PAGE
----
3 Arizona Officers Put On Leave After Allegedly Watching Man Drown As He Cried For Help

·5 min read
Sean Bickings, 34, drowned on May 28 in Arizona's Tempe Town Lake after he entered the water while being questioned by police, authorities said. (Photo: tempe.gov)
Sean Bickings, 34, drowned on May 28 in Arizona's Tempe Town Lake after he entered the water while being questioned by police, authorities said. (Photo: tempe.gov)

Sean Bickings, 34, drowned on May 28 in Arizona's Tempe Town Lake after he entered the water while being questioned by police, authorities said. (Photo: tempe.gov)

Three Arizona police officers have been placed on paid administrative leave amid an investigation into a recent incident where the officers allegedly stood by and watched a man drown.

Several Tempe officers were questioning Sean Bickings, 34, about an alleged fight between him and a woman near Tempe Town Lake on May 28. Authorities say that Bickings, who was homeless, entered the water as the three officers on the scene checked to see if he had any arrest warrants.

“I’m going to go for a swim. I’m free to go, right?” Bickings asked the officers after climbing a fence along the water’s edge, according to body camera footage released by the police department on Friday. The 12-minute video ends when Bickings, several yards from shore, starts crying out for help, according to a transcript of the incident released by the city.

The city said it edited the body camera footage, cutting it off before Bickings’ death, due to “the graphic nature of the incident” and out of respect for Bickings’ family.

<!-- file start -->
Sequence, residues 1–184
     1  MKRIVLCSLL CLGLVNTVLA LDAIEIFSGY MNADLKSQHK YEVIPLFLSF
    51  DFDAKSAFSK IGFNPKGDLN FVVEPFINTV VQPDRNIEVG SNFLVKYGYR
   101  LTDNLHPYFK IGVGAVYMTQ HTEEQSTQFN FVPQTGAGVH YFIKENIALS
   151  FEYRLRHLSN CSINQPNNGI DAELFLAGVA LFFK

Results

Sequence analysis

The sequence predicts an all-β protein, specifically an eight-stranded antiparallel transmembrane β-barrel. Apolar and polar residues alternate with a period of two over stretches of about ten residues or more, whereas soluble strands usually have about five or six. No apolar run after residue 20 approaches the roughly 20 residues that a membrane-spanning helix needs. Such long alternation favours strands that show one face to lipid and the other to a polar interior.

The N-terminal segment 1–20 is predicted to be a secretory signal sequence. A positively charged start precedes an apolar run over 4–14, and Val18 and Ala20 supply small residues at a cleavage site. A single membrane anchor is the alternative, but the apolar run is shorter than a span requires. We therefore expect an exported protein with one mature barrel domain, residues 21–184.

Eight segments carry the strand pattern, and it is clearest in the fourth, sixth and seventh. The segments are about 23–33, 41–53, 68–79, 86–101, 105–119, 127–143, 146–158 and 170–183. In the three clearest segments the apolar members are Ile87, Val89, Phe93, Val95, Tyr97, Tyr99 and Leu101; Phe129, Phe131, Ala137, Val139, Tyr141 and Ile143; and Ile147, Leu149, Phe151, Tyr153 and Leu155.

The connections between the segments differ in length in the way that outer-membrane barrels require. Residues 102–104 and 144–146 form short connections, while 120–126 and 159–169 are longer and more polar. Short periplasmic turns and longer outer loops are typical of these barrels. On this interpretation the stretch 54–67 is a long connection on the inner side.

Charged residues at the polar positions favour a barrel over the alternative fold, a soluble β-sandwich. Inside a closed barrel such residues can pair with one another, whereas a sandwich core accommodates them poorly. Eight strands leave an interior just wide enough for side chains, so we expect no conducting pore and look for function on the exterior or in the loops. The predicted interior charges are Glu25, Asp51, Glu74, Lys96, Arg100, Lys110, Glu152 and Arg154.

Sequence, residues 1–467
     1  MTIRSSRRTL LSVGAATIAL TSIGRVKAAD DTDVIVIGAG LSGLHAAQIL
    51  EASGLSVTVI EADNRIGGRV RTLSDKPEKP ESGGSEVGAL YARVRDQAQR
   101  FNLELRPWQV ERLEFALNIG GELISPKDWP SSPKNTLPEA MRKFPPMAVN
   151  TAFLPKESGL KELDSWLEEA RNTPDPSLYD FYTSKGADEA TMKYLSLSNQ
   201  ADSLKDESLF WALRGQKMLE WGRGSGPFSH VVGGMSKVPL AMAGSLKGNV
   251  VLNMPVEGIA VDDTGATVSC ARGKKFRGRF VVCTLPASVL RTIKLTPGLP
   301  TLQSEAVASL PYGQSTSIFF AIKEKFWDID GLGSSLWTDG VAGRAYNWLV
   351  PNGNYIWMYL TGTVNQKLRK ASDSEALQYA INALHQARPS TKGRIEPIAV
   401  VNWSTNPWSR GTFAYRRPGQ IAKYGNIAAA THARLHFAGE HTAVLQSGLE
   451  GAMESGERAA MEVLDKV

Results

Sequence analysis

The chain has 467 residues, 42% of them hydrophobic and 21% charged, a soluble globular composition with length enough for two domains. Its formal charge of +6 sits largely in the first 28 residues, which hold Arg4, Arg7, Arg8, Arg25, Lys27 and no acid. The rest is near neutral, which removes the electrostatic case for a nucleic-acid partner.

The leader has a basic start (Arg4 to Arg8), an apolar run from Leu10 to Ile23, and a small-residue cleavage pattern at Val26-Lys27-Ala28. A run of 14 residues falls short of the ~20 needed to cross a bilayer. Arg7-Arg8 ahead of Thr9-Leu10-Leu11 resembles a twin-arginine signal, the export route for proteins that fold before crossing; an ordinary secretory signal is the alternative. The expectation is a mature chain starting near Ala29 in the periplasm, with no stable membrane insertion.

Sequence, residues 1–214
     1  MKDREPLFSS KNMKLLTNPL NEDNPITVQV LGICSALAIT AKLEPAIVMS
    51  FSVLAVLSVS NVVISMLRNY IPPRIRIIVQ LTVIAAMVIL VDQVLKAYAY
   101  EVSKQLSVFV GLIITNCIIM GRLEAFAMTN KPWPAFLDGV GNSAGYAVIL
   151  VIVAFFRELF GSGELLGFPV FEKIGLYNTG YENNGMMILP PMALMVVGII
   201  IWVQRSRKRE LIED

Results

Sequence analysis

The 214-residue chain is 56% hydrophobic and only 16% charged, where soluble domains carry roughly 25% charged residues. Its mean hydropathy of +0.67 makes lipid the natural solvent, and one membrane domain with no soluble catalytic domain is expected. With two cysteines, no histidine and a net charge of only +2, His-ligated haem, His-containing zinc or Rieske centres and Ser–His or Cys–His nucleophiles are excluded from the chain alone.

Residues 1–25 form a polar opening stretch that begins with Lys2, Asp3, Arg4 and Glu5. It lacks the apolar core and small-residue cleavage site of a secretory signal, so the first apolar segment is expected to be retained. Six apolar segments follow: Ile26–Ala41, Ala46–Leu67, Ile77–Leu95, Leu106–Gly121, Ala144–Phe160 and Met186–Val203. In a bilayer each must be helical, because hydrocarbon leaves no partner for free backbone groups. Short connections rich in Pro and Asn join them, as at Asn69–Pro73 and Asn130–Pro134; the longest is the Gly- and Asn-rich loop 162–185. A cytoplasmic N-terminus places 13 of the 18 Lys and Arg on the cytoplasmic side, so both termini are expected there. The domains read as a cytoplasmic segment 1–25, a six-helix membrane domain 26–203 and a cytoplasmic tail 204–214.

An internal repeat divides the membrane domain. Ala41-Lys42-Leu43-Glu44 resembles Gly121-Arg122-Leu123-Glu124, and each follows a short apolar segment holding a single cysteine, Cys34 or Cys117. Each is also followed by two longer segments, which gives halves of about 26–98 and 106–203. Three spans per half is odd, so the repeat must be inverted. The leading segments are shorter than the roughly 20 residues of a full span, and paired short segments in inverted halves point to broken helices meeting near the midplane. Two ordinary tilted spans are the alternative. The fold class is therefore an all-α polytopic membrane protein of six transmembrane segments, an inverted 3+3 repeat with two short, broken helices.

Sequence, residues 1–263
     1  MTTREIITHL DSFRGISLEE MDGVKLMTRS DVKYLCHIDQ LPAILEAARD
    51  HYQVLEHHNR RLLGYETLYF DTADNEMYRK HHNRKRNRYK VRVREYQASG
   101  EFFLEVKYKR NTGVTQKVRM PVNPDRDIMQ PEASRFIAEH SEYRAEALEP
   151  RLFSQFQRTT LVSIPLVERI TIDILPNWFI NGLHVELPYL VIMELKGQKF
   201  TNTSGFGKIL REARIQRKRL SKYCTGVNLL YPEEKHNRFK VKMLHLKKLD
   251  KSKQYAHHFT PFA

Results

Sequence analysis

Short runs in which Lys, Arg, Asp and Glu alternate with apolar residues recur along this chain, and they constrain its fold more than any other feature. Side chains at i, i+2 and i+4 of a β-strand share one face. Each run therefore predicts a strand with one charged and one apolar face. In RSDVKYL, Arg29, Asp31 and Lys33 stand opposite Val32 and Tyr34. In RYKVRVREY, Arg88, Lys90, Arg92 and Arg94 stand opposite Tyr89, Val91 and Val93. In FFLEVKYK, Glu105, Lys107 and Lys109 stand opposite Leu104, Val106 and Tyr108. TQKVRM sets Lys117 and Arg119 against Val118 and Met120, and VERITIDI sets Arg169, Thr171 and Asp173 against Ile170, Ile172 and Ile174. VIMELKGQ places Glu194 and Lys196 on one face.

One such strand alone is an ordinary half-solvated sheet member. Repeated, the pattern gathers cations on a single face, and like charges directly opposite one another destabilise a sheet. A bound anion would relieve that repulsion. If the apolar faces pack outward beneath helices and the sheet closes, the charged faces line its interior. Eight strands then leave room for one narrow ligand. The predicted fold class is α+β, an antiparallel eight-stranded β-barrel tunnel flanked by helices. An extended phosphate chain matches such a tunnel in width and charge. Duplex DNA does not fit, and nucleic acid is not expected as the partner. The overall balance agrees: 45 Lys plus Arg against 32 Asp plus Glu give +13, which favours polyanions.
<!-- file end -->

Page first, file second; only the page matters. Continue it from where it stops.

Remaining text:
According to what is seen in the video and the transcript, as Bickings entered the water, an officer told him he wasn’t allowed to swim in the lake. Bickings began to swim away from the officers on shore, one of whom asked another: “How far do you think he’s going to be able to swim?”

One of the officers told the other two to “keep an eye,” presumably on Bickings. The officer then appeared to leave the area, saying something about a boat.

About two minutes after entering the water, Bickings cried out for help and said he was drowning, according to the video. The two officers still at the scene told him to swim toward a nearby structure beneath a pedestrian bridge.

“I’m going to drown. I’m going to drown,” Bickings told them, according to the transcript, which documents their conversation after the video ends.

“No you’re not,” one of the officers replied, before again telling Bickings to swim to the structure.

“I’m not jumping in after you,” the second officer said.

Bickings climbed over a fence to enter the water, as seen here in an image from police body camera footage. He then swam several yards out from shore. (Photo: tempe.gov)
Bickings climbed over a fence to enter the water, as seen here in an image from police body camera footage. He then swam several yards out from shore. (Photo: tempe.gov)

Bickings climbed over a fence to enter the water, as seen here in an image from police body camera footage. He then swam several yards out from shore. (Photo: tempe.gov)

As Bickings cried out for help, the woman, who identified herself as Bickings’ wife, yelled out to him. One of the officers described her as trying to jump over the railing. He threatened to put the woman in a patrol car if she didn’t calm down.